What we do

Printing guide

A quick comparison of which
method suits your needs best.

Screen Printing

A lot of the modern merchandise that you will see in use today is screen printed. This includes branded t-shirts from major retailers, promotional wear, corporate wear and more. It is used where more than 20 items are required (other methods are more suited for low quantity orders) and on runs of up to thousands of items.

This print method is durable and can produce large designs with many colours, making it especially suitable for large t-shirt or hoody designs. Compared to embroidery, it is more suited for detailed or larger designs, or where a more modern look is required.

Screen Printing is a professional application method using expert printing techniques. It is a durable application method that won’t fade in the wash.

Screen Printing has preparation costs, but lower “per item” costs than transfers or direct-to-garment methods. This makes it more suitable for orders with at least 20 items. Screen Printing costs increase with the number of colours in the design.

Screen Printing can use ultra violet inks for extravagant designs or safety applications.


For best results and accurate print ALWAYS supply with vector artwork, set with the correct pantone references.


Create any text in vector based software
(i.e. produced by pixel based software such as Adobe Illustrator)

Set any text to print 100% of chosen colour
Percentage tints will appear as dots and look lighter than expected

Supply artwork with pantone colours
Solid coated

Any placed images should be supplied with the artwork
Any placed images must be either supplied with the artwork or embedded within the artwork

Any placed images should be at least 300dpi
This is the optimum resolution to ensure best achievable picture quality on final printed document

Any fonts used should be outlined or supplied with the artwork
Must include Screen & Print fonts

Large blocks of solid colour should be set up as pantone (spot) colours rather than created using CMYK

Set artwork to correct specification See Artwork Guidelines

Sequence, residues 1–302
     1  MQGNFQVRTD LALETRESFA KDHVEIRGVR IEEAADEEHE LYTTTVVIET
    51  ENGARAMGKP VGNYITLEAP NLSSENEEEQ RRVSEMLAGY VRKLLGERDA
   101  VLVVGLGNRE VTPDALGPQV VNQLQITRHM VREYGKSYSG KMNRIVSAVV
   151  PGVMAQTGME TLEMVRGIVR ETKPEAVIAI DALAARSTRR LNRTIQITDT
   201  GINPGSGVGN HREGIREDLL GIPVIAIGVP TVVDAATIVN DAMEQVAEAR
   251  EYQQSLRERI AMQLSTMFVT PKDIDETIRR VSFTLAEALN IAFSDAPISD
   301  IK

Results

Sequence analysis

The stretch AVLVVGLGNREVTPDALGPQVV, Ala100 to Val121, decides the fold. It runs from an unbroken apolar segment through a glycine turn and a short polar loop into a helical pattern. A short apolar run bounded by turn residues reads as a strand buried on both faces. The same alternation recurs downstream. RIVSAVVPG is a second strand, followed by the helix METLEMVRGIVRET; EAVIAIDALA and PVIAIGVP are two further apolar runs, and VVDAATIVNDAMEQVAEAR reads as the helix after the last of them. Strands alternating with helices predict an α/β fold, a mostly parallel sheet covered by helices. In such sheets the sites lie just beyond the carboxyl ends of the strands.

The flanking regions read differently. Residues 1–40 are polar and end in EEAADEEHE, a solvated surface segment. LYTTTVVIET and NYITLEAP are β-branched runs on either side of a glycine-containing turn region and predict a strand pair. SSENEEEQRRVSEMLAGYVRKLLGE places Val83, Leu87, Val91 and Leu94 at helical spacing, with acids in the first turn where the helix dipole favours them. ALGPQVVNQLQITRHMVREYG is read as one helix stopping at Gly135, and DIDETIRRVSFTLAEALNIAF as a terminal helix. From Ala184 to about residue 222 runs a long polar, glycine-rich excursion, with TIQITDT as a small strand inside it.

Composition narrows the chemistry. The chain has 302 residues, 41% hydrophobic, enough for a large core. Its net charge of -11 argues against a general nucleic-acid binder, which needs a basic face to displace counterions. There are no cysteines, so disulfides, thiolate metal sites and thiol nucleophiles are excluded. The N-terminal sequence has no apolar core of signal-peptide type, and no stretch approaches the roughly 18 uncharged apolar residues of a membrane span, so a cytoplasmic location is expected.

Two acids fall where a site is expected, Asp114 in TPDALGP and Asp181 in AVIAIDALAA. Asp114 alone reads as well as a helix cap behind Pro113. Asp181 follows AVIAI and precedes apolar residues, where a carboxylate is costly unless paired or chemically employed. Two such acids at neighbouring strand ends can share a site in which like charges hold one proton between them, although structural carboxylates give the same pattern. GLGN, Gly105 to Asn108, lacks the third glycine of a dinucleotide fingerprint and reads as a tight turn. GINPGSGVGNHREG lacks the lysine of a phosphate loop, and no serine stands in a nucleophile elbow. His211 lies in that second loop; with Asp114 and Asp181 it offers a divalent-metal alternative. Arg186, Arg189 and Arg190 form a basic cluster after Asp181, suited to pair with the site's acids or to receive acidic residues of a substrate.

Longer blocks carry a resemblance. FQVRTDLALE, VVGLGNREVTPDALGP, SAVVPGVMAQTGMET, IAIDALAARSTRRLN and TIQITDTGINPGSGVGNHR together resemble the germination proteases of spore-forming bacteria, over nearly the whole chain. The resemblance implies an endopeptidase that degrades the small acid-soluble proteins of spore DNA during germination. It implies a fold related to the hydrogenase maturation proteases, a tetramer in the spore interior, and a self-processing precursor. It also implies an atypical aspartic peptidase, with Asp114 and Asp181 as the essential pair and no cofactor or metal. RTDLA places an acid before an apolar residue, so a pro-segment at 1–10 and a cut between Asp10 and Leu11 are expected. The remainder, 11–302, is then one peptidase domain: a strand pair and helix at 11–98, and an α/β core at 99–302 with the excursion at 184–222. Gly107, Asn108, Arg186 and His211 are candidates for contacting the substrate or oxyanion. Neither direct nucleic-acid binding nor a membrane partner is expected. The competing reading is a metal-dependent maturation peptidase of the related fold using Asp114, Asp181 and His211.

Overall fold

Check all colour digital images are correctly saved as CMYK files.


Rip software cannot calculate RGB files, these files have to be converted to CMYK and this can change the colour and the appearance

Create text below 6pt
Text below 6 pt Can become illegible as it is too small to hold the screen

Use tints above 85% or Below 15%
Tints above 85% will become solid and tints below 15% will not hold on the screen

Use Multiple colours
Ensure that you only have one swatch for each colour required in your colour pallete (i.e if you have PANTONE 485C and PANTONE 485CVC in your colour pallete we cannot output 1 plate for PANTONE 485 without correcting the artwork).

Name spot colours with non standard names
We can only match spot colours to the Pantone Matching System (PMS), spot colours which do not refer to a PMS number cannot be used (i.e. Man united Red Strip would not be able to be printed until we knew the PMS number to refer to).

Create artwork using more than 12 colours
We can print a maximum 12 colours. When selecting colours you must allow for a white base if required this must be treated as a colour

Create solids and halftones of the same colour on the same plate
To achieve the best result when printing a solid area and halftone area of the same colour the solid and halftone should be separated so that it can be printed on two plates. This is due to a heavy ink being required for the solid and a thinner ink being needed to hold the halftone, if solid and halftone are run on the same plate either the halftone fills (becomes solid) or the solid appears very washed out. This does have to be then treated as two colours although the only one pantone is required.

Do not rely on Laser prints or PDF files to be colour accurate
Laser print outs and PDF files are our guides only only for size and positioning.